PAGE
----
Preying on Assumptions: Reversing Symmetric Encryption in Opportunistic Ransomware

CryptoLocker WarningThis trojan was found on a compromised web server that was used to send mass emails with a malicious attachment. Upon execution, the malware searches all logical drives for common media and document files, appends .CRYPTOLOCKER to each file’s name and allegedly encrypts each file with 2048-bit RSA key. It places a text file in every subdirectory with ransom instructions. It persists on the system by copying itself to a TEMP folder, and adding that copy to the system autoruns. It also gives this copy a file-association to the “.CRYPTOLOCKER” file extension. When it finishes this dirty work, it displays a warning (seen above) with instructions for downloading the Tor Browser to (presumably) cough up some money for the private RSA key required to decrypt the files. This is a similar pattern that we have seen in recent ransomware variants.

I initially executed this sample in a sandbox that had no network connectivity. Though, the malicious process never attempts to make any network connections at any point. Regardless, it still modifies files and displays the CryptoLocker alert. I immediately found this to be unusual. My understanding is that CryptoLocker initially connects to a C&C server which in turn generates a unique RSA key pair of which one is sent to a client for file encryption. This clearly isn’t the case here. I supposed that it’s possible that a public key was hard-coded into this sample, but that seems unnecessarily complicated and fragile, since we know that this was intended to be sent to many inboxes. It’s time to take a closer look at this executable.


The malicious process was identified as a Win32 PE in Process Explorer. However, the original file would not open in IDA (free) or a debugger, indicating in an error message that the program is a .NET executable. Specifically, the program requires .NET 2.0 for execution. This is unusual since .NET executables are more easily reversed, and malware generally leans more towards complication, than ease. After de-obfuscating the file with de4dot, and investigating the decompiled output in JetBrains dotPeek, it is mostly clear what is happening on execution. The malicious executable is encrypted within this .NET program.

DotPeek Output
DotPeek Output

The .NET executable reads itself into memory as as a string, and then splits these strings into arrays based on pretty specific delimiters like [$FILEBASE$] and [$SETTINGS$]. The method  Class5.smethod() is a Rijndael decryption method with a hard-coded key and Initialization Vector. After the program decodes and decrypts this string, the bytes are written to disk (this is the real Win32 PE) and a new process is started from this data. But where in the executable are these strings located?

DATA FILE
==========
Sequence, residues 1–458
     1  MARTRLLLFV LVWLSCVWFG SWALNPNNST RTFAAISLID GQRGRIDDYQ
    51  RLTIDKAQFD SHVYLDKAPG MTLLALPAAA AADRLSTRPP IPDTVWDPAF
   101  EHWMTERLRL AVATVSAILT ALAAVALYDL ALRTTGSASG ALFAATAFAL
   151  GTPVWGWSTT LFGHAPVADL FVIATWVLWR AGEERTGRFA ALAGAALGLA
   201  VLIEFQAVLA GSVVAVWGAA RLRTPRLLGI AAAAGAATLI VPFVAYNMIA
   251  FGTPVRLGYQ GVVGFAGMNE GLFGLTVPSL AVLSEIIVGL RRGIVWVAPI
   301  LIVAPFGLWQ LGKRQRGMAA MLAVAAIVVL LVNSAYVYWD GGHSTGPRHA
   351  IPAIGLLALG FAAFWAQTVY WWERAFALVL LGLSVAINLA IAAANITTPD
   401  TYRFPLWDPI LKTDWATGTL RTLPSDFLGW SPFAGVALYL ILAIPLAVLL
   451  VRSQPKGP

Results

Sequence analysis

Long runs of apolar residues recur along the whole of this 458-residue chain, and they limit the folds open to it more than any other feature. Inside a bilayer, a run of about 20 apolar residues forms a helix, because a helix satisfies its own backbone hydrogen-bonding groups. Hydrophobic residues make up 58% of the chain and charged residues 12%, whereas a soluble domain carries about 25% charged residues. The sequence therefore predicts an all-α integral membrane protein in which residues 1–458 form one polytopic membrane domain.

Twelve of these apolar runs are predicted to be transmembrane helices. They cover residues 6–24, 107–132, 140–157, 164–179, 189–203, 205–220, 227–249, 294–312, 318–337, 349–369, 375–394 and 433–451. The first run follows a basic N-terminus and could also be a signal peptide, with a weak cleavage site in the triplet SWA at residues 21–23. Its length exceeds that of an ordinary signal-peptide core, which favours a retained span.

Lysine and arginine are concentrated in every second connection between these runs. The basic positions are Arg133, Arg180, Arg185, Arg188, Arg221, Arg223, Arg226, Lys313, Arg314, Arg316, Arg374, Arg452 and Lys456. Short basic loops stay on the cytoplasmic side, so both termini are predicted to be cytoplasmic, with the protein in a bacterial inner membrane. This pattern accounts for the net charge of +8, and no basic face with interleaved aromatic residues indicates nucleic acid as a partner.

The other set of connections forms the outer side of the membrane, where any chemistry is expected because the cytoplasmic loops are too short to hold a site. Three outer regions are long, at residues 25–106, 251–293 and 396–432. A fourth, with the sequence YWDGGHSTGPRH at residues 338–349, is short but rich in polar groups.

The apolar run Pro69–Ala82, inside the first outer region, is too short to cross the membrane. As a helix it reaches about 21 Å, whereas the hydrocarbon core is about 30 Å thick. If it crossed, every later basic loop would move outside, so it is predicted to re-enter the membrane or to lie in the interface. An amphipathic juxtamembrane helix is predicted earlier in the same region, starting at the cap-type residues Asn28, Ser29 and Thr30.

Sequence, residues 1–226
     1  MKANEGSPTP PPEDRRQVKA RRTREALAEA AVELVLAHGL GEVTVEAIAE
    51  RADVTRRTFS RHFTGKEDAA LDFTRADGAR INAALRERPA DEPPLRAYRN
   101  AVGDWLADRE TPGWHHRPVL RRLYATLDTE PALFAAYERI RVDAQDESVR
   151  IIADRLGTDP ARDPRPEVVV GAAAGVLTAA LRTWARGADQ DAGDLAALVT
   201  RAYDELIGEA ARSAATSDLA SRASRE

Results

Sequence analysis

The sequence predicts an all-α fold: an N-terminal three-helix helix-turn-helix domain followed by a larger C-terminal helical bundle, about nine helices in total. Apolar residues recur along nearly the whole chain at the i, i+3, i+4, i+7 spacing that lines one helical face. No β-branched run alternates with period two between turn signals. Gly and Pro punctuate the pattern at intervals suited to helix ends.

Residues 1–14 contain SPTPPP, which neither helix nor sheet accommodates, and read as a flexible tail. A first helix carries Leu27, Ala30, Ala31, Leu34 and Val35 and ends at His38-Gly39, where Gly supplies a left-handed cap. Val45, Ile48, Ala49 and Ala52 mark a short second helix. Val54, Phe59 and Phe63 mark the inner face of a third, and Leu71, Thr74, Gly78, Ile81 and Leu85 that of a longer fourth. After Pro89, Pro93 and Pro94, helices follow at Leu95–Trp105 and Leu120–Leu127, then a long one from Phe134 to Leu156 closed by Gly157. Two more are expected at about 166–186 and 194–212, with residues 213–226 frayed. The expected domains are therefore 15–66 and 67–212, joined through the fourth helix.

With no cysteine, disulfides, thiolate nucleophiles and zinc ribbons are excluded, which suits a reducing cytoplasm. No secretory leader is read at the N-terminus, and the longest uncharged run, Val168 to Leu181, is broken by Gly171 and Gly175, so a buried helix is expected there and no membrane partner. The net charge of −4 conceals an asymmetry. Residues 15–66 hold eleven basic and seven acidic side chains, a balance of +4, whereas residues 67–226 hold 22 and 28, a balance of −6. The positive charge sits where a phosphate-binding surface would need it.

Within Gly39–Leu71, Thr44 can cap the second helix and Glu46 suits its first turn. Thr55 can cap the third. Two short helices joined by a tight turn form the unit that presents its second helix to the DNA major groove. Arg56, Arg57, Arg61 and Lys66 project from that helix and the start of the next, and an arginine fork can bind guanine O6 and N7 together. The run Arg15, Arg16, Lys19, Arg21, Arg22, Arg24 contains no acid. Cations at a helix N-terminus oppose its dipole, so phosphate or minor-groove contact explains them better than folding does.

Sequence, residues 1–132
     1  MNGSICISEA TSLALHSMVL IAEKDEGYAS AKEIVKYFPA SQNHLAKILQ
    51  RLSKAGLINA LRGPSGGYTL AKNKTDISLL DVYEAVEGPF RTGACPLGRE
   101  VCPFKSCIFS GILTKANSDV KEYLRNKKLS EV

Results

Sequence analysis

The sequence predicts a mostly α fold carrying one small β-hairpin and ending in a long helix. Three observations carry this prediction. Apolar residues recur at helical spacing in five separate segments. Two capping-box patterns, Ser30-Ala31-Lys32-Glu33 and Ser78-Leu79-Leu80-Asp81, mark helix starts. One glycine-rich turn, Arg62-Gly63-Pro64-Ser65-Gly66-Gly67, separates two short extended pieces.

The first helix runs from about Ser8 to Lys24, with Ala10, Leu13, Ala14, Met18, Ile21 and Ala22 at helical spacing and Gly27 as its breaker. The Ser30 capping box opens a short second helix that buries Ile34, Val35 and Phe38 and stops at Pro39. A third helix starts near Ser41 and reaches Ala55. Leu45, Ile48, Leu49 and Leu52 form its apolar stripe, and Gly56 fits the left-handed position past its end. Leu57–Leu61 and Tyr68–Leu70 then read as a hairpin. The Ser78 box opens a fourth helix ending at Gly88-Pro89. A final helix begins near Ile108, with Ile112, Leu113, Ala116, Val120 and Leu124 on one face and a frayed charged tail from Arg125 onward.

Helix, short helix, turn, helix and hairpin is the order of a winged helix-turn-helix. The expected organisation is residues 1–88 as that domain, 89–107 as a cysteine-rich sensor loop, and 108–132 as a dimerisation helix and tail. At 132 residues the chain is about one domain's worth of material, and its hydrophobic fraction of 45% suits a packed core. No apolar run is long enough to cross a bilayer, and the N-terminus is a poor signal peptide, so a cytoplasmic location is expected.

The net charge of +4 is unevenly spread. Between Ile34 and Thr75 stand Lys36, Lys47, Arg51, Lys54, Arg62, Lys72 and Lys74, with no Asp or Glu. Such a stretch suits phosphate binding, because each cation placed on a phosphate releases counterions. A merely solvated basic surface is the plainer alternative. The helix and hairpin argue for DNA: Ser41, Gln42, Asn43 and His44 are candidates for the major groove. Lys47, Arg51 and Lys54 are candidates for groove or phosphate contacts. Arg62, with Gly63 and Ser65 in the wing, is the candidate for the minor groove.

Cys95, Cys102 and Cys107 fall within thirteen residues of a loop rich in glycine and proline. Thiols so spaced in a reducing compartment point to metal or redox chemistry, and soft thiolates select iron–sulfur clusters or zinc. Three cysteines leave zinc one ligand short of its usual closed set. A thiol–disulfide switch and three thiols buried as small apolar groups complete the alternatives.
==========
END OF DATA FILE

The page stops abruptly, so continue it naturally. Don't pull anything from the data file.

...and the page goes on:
Loading the file into a text editor shows that a lot of data has been appended to the end it, including some encoded strings and the delimiters that we were looking for. Clever? Note that this data was stripped from the de-obfuscated copy.

Encoded Strings
[$FILEBASE$] delimeter and encoded data
After cutting and pasting selections from the dotPeek output and encoded strings from the original executable into a new Visual Studio project, it was easy to extract the final Win32 executable. However, this PE was packed. Luckily, PEFrame identified the packer as UPX. The file was easily unpacked with UPX and was then clearly readable in IDA and in the debugger.

Extracted PE

So with that out of the way, we can take a closer look at the de-obfuscated piece of malware.


A thorough once-over offers some clues about the capability of this malware. Notably, the .rsrc section of the PE file contains, some interesting data, including the text from the final pop-up alert. The ID# shown to the victim in the alert pop-up is not dynamically generated, which demonstrates that in the least, no unique RSA keys have been generated for purposes of file encryption, and this ID# is just used to make the program appear as if a unique key has been generated.

Static ID# in pop-up warning text

Also within the .rsrc section of the PE is a list of wildcard file extensions. Stepping through execution demonstrates, as expected, that these strings are copied elsewhere in memory and are used when searching for files to encrypt. This variant will search for and encrypt files with the following extensions:


There is also some indication that this malware is capable of decrypting the files on the filesystem. There are strings that appear to be prompts and responses for decryption password input. Though I suppose that this could be sloppy cruft from co-development of separate but similar encryption and decryption programs.